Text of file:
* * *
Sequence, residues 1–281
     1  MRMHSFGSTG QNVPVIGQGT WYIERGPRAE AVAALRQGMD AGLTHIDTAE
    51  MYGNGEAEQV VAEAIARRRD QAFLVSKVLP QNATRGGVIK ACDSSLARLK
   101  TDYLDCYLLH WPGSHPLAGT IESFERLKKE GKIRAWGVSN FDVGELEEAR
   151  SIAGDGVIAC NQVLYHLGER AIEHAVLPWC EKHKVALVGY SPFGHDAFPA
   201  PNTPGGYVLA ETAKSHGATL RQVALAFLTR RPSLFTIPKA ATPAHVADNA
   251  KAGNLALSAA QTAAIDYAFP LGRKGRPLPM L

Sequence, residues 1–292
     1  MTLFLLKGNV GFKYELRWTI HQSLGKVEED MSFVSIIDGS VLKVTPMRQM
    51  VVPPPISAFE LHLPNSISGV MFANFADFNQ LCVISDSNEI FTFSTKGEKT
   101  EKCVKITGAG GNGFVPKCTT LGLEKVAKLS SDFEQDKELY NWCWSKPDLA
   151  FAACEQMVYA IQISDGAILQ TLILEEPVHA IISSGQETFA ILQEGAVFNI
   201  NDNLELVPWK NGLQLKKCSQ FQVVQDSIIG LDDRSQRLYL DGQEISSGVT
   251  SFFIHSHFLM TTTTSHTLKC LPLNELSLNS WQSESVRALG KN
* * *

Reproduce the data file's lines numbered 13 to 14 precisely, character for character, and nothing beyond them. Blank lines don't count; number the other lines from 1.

   201  NDNLELVPWK NGLQLKKCSQ FQVVQDSIIG LDDRSQRLYL DGQEISSGVT
   251  SFFIHSHFLM TTTTSHTLKC LPLNELSLNS WQSESVRALG KN